Rotisserie, Side dish
comments 19

Rotisserie pan potatoes

A year ago, my wonderful wife gave me a surprise present for my 40th birthday – a two week vacation, alone in France. The first week I took cooking classes in Provence, and the second week I wandered around Paris.*

*Yes, life was tough. My wife loves me very much.

Rousillon, Vaucluse, France

My week in Provence was the highlight of my trip. It was very early in the season, and due to a last minute scheduling change, I wound up being the only person in the class! I got to be a temporary local*. If you ever get a chance, visit Patrick Payet and Famous Provence here – you won’t be disappointed.
*The picture on the left, the one of me smiling, with my hands covered in Cognac and lady fingers. was taken during this class.

One day, I got to spend the morning wandering around the market at L’Isle sur la Sorgue

One of the things I saw there was a rotisserie chicken stall – they had a wall of chickens turning in front of a wall of propane – picture your local Boston Market’s chicken cooker, but with a trailer hitch, being run by a man of middle-eastern heritage. It smelled heavenly. The interesting part to me was the potatoes – under all the spinning chicken was a sheet of foil, covered with sliced potatoes. They were browning from the heat of the fire, and soaking up the dripping juices from the chicken above. Being the rotisserie fanatic that I am, I knew I had to try this at home.

It turned out to be a lot harder than I thought it would – I couldn’t get the potatoes to cook all the way through; they’d be nicely browned on the outside, but hard and undercooked inside. It wasn’t until I saw a grilled potato recipe in Cook’s Illustrated that involved pre-cooking the potatoes. The light bulb went on. Pre-cook the potatoes! Of course!
*Or, I think, you could slice them a lot thinner. Now that I think back to the rotisserie set up in the market, that may have been how they did it. I like the thick chunks of potato you get with the following method, though, so I haven’t tried thin-slicing yet.

Recipe: Rotisserie side dish potatoes


Pre-cooked potatoes


  • 2 lbs yukon gold potatoes, peeled (optional) and sliced 1/2″ thick
  • 1 tsp kosher salt
  • 1/2 tsp black pepper
  • 2 tsp olive oil

1. Prep the potatoes: Put the sliced potatoes in a medium, microwave safe bowl. Toss the sliced potatoes with the salt, pepper and oil until evenly coated. Cover the bowl with plastic wrap, and microwave on high for 5 minutes. (You want the potatoes to be just starting to cook through – too soft and they’ll disintegrate).
2. Start the rotisserie main course: Pick a rotisserie recipe, and get it started. (Some suggestions are here, here and here.) The key piece is the foil pan that catches the drippings under your main course – that’s where the potatoes are going.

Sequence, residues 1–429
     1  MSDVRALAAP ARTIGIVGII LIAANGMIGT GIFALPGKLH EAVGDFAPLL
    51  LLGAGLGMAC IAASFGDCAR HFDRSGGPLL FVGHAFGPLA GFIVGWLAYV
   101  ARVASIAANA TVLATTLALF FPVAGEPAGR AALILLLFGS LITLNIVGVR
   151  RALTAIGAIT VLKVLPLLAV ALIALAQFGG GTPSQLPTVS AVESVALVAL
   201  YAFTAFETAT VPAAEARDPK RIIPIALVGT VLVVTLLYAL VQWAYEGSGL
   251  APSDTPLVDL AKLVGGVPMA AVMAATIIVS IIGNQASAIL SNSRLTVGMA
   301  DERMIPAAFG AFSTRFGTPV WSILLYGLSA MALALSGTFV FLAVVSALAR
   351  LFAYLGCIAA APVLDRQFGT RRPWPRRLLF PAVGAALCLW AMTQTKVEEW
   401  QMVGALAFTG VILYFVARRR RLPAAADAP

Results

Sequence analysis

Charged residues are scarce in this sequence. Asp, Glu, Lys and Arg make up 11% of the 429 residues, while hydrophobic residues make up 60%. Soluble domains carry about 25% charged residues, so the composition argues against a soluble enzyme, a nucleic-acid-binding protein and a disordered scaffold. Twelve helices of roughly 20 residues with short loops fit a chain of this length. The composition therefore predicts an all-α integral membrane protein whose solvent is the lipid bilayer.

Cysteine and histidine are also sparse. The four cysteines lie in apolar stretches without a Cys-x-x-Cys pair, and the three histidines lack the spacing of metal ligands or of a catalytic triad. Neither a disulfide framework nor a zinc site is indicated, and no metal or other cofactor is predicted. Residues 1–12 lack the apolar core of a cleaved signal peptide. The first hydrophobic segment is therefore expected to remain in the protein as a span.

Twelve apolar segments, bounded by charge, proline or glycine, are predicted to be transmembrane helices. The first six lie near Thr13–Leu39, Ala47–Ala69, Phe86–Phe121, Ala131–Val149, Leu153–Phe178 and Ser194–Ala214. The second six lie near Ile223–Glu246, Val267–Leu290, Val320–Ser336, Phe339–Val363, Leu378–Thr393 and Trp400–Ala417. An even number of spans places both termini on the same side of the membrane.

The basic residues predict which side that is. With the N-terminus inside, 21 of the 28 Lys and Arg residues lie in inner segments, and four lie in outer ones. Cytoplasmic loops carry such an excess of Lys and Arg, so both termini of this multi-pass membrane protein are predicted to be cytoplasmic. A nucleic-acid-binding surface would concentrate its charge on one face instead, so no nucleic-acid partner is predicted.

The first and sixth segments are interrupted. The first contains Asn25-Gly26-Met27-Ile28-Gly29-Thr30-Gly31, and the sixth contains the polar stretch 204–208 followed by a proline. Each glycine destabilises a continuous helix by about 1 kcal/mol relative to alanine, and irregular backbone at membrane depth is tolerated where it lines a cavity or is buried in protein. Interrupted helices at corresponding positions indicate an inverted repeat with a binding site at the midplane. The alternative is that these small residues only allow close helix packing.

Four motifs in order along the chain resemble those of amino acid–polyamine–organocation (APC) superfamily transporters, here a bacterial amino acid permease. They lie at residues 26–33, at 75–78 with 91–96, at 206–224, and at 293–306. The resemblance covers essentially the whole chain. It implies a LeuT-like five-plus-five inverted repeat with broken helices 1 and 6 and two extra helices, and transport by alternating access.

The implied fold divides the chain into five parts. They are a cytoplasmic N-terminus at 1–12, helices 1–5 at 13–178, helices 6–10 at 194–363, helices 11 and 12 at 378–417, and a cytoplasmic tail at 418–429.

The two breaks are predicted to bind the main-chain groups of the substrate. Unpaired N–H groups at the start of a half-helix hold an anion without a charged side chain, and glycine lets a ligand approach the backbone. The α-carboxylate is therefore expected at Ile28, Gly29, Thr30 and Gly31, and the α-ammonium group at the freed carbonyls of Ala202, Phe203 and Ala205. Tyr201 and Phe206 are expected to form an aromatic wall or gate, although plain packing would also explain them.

Potatoes under my rotisserie ribs

3. Cook the potatoes: Once you have the main course started, put the potatoes in the pan underneath it. You don’t want to crowd the pan – the potatoes will steam instead of cooking. Cook with the grill lid closed, tossing the potatoes in the pan every 15 minutes or so until they’re well browned, usually 30 to 45 minutes. (I shake the pan with my grill tongs, then rearrange the really brown pieces and the undercooked pieces as necessary. Be careful – don’t puncture the pan, or you’ll have dripping fat everywhere in your grill!)

4. Serve:Remove the potatoes to a platter, and serve with the main course.

*This recipe should work with a mix of root vegetables, though I haven’t tried it yet. Carrots and parsnips would go well with the potatoes, or as their own dish.

*Don’t ask the calorie count on these potatoes. They’re cooking in dripping fat. They taste great, but they’re not exactly a good option if you’re on a diet. Unless you have the willpower to eat only one…

Inspired by:

Check out my cookbook, Rotisserie Grilling.

Everything you could ask about the rotisserie,
plus 50 (mostly) new recipes to get you cooking.

It’s a Kindle e-book, so you can download it and start reading immediately!

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Filed under: Rotisserie, Side dish


Hi! Iā€™m Mike Vrobel. Iā€™m a dad and an enthusiastic home cook; an indie cookbook author and food blogger with a day job, a patient spouse, and three kids who would rather have hamburgers for dinner.


  1. Dave says

    Just got my rotisserie and loving this site. However my rotisserie is for my weber charcoal grill. Think this would work with the drip pan down in the base of the grill surrounded by the coals? I feel like it might be too much heat.